not that other examples haven’t already transcended the genre’s predisposition toward novelty and nostalgia, but there is something about mashing covers that also seems to take mashups beyond simple signification – dude, eminem sounds so gay over that britney beat! in this case, the mashup has the wonderful effect of making it sound like bobby gentry is being accompanied by a double-quartet comprising tommy mccook’s and lou donaldson’s late 60s groups. their juxtaposition transforms a sparse, spooky country lament into an otherworldly torch song. saxophones weave around the voice and each other, rocksteady pulls against soul jazz funk, while the singer lags behind and darts ahead of her able accompanists.
the central song here is an exceptional one: gentry’s haunting hit of 1967, “ode to billie joe.” but the covers are remarkable in their own right. donaldson’s version is, of course, a classic, providing one of the most cherished and frequently used breaks that hip-hop has ever had. mcook’s version, probably as influenced by donaldson’s version as by gentry’s, cooks in its own way – a rocksteady instrumental, the riddim section bubbles on while their jazz-steeped, ex-skatalite leader blows away the competition (which, since he recorded this cut for duke reid, would have been his erstwhile bandmates over at studio one). together, the three versions make a fourth that seems to stand on its own legs, if woozily.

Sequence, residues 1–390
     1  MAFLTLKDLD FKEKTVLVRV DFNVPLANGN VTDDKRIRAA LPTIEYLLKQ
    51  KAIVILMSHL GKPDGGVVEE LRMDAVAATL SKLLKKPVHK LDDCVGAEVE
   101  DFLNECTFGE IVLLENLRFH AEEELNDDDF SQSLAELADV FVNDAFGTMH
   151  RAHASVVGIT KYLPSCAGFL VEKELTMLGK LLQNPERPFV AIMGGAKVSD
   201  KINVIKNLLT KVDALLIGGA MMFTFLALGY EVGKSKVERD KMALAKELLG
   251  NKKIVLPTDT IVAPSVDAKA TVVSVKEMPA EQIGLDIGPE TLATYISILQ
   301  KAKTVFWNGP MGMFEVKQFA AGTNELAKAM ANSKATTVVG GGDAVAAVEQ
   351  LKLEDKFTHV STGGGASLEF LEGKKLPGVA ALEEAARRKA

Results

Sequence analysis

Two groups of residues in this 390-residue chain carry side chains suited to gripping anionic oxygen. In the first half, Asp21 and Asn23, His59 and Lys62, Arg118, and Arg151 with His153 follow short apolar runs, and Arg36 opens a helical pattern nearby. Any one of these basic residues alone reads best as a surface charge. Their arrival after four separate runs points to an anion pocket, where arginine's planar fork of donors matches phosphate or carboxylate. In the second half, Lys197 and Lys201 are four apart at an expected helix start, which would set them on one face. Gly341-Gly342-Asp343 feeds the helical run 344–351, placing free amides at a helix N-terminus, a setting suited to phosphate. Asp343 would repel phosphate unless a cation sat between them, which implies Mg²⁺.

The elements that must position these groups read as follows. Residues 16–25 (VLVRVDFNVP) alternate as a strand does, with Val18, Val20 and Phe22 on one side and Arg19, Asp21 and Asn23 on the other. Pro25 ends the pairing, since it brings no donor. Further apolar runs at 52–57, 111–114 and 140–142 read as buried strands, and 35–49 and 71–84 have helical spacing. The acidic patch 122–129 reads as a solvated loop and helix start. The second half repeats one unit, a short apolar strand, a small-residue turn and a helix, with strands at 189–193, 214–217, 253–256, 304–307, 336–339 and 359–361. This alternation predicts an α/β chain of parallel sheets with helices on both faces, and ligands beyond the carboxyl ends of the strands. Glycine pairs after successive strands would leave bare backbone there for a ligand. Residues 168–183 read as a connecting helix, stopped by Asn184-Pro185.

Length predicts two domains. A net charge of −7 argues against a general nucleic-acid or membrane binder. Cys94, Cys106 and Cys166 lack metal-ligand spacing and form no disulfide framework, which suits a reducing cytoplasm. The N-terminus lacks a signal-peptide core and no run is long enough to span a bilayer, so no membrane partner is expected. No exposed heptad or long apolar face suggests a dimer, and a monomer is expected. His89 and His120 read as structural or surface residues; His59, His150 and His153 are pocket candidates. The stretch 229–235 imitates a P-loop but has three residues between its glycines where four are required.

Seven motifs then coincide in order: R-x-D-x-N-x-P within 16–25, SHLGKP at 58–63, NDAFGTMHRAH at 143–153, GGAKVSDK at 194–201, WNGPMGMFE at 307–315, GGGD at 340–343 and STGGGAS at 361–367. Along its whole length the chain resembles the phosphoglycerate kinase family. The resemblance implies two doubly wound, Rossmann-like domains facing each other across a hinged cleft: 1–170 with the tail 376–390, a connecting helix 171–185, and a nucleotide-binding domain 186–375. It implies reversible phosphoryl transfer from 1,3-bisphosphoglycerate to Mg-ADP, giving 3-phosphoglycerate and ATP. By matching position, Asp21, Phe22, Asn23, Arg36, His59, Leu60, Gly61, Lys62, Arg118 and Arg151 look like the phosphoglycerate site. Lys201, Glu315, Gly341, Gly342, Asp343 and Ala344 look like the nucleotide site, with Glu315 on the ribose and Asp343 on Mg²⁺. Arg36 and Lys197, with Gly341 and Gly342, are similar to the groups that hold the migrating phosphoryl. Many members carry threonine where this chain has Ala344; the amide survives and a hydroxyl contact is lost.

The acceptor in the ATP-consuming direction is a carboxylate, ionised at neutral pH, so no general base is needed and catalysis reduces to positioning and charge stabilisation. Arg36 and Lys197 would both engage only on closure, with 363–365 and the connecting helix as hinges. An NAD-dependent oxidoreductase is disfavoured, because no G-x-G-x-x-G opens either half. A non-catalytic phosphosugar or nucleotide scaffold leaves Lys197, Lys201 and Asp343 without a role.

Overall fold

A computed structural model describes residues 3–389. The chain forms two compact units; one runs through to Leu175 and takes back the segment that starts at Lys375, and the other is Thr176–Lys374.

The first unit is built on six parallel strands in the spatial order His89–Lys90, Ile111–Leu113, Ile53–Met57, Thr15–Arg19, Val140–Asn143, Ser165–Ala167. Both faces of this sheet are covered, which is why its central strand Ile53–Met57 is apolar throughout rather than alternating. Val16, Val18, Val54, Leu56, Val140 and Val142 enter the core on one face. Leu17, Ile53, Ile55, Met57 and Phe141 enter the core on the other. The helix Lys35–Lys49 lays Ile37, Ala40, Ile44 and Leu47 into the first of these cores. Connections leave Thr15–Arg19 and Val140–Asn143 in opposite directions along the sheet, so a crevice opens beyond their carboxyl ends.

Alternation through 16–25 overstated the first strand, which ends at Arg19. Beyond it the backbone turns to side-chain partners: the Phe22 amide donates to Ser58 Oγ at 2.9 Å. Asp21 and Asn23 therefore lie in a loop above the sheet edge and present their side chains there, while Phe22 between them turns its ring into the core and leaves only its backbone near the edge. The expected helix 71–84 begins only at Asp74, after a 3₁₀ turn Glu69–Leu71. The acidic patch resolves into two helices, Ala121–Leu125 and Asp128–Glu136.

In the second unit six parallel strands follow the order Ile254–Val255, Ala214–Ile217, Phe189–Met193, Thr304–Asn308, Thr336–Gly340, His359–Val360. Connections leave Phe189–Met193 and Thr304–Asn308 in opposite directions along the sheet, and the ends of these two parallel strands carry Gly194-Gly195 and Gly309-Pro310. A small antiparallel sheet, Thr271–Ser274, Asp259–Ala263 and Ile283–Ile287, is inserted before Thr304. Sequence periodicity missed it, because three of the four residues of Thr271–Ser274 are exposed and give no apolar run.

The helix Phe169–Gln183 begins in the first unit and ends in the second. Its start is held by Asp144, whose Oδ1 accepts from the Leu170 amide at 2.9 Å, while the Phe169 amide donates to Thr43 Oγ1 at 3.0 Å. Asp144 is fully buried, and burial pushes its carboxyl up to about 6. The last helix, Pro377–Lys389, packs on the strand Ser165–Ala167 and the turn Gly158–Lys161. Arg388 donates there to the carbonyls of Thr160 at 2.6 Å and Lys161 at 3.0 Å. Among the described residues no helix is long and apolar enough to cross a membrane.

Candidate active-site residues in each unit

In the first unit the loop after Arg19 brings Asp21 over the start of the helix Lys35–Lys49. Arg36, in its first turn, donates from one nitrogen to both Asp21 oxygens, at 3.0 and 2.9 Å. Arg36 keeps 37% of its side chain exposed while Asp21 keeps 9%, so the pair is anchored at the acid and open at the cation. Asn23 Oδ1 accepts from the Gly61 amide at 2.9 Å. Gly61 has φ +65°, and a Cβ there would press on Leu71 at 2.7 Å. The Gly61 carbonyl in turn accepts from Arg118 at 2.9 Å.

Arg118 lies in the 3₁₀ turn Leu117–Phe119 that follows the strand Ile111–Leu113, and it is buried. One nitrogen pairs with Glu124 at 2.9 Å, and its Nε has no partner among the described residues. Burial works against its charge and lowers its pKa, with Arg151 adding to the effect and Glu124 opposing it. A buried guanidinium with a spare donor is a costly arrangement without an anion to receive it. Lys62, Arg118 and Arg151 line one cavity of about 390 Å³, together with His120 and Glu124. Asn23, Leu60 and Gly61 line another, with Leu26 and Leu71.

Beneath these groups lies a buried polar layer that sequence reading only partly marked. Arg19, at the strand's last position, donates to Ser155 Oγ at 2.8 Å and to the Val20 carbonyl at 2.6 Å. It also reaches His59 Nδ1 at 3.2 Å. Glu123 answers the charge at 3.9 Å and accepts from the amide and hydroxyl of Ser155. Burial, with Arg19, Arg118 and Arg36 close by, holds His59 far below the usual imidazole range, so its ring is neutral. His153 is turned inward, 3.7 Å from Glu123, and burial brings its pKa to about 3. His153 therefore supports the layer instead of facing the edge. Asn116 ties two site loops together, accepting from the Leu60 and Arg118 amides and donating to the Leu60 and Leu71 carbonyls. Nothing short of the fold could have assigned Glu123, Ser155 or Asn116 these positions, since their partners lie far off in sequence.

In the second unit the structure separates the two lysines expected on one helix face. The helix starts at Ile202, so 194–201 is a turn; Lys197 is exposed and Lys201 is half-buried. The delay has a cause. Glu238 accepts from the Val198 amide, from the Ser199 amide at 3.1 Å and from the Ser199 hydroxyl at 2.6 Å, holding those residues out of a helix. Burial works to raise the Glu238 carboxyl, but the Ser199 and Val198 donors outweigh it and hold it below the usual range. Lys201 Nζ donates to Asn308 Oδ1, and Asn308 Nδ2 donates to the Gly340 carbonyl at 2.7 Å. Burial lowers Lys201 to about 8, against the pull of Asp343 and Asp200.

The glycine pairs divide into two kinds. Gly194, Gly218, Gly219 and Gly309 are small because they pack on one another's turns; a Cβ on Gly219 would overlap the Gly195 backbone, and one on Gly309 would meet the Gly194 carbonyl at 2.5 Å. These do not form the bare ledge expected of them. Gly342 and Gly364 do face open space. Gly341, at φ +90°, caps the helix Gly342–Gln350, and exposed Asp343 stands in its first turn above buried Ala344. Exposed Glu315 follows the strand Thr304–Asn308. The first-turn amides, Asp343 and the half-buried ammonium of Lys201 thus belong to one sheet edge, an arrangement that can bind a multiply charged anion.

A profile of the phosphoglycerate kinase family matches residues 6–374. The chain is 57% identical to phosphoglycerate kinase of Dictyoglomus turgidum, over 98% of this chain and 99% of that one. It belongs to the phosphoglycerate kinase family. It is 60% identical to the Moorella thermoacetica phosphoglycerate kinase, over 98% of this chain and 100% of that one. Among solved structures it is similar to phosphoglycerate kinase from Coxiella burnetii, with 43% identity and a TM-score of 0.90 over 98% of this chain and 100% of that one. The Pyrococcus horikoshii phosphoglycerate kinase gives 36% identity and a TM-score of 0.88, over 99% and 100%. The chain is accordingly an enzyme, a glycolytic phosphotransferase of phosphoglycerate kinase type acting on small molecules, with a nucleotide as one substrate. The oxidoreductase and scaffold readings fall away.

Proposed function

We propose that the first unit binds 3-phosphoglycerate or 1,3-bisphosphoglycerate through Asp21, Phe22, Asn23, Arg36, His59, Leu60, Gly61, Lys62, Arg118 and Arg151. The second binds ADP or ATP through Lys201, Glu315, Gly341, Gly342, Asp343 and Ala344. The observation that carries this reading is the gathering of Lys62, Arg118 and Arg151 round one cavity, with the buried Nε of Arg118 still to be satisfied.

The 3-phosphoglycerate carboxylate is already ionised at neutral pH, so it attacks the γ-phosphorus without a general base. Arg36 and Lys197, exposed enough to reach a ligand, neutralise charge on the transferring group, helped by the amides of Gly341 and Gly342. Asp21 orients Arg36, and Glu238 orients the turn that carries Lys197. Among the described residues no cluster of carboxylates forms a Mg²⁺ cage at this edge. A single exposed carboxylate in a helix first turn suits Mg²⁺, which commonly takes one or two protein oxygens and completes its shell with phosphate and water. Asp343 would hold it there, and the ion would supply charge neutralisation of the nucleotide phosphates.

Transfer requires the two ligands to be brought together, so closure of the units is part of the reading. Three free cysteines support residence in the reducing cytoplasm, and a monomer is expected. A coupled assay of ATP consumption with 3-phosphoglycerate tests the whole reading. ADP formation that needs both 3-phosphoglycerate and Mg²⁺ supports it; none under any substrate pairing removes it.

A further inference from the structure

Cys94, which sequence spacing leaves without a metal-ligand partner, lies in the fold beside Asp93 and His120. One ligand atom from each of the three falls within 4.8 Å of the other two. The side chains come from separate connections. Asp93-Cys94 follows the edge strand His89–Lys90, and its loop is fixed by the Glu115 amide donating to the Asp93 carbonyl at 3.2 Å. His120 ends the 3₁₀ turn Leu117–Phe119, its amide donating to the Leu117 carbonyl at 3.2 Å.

a brief technical note: i’ve pitched down gentry’s voice so that she blends better with her bands. also, despite the constant presence of some great drumming in both “rhythm tracks,” i couldn’t resist imposing another layer consisting of the intro break from donaldson’s version – the same break that you’ve heard in countless hip-hop beats. i’ve also looped the mccook and donaldson versions after their second pass through the changes, largely because both groups, later in their performances, depart from the regular progression that gentry’s version follows. that’s all well and good for a jazz jam, but here i thought it better to keep them all together. finally, i settled on a tempo in between all three versions, though significantly slower in gentry’s case, which for me, only serves to draw out her dreamy drawl.
and while we’re on the subject of cover-mashups (quick: someone suggest a snappier name), allow me to point you to one more that i’ve done along these lines:
this one i put together for my dear friends amy&ron who moved to honolulu a while back and may never move back to the mainland. (jah bless ‘em.) here’s how i described the making of this mashed-up matrimony music: